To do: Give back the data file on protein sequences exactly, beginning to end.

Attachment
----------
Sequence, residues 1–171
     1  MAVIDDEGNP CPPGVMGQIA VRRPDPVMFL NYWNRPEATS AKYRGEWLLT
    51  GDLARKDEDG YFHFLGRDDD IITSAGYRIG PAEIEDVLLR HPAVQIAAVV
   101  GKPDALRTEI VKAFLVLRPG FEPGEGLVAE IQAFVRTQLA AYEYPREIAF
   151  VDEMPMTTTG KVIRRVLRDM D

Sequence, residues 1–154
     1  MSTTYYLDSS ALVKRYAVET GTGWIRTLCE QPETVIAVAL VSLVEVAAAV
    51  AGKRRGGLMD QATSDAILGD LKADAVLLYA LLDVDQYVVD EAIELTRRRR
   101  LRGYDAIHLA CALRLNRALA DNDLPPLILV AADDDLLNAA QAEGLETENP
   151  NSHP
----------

Sequence, residues 1–171
     1  MAVIDDEGNP CPPGVMGQIA VRRPDPVMFL NYWNRPEATS AKYRGEWLLT
    51  GDLARKDEDG YFHFLGRDDD IITSAGYRIG PAEIEDVLLR HPAVQIAAVV
   101  GKPDALRTEI VKAFLVLRPG FEPGEGLVAE IQAFVRTQLA AYEYPREIAF
   151  VDEMPMTTTG KVIRRVLRDM D

Sequence, residues 1–154
     1  MSTTYYLDSS ALVKRYAVET GTGWIRTLCE QPETVIAVAL VSLVEVAAAV
    51  AGKRRGGLMD QATSDAILGD LKADAVLLYA LLDVDQYVVD EAIELTRRRR
   101  LRGYDAIHLA CALRLNRALA DNDLPPLILV AADDDLLNAA QAEGLETENP
   151  NSHP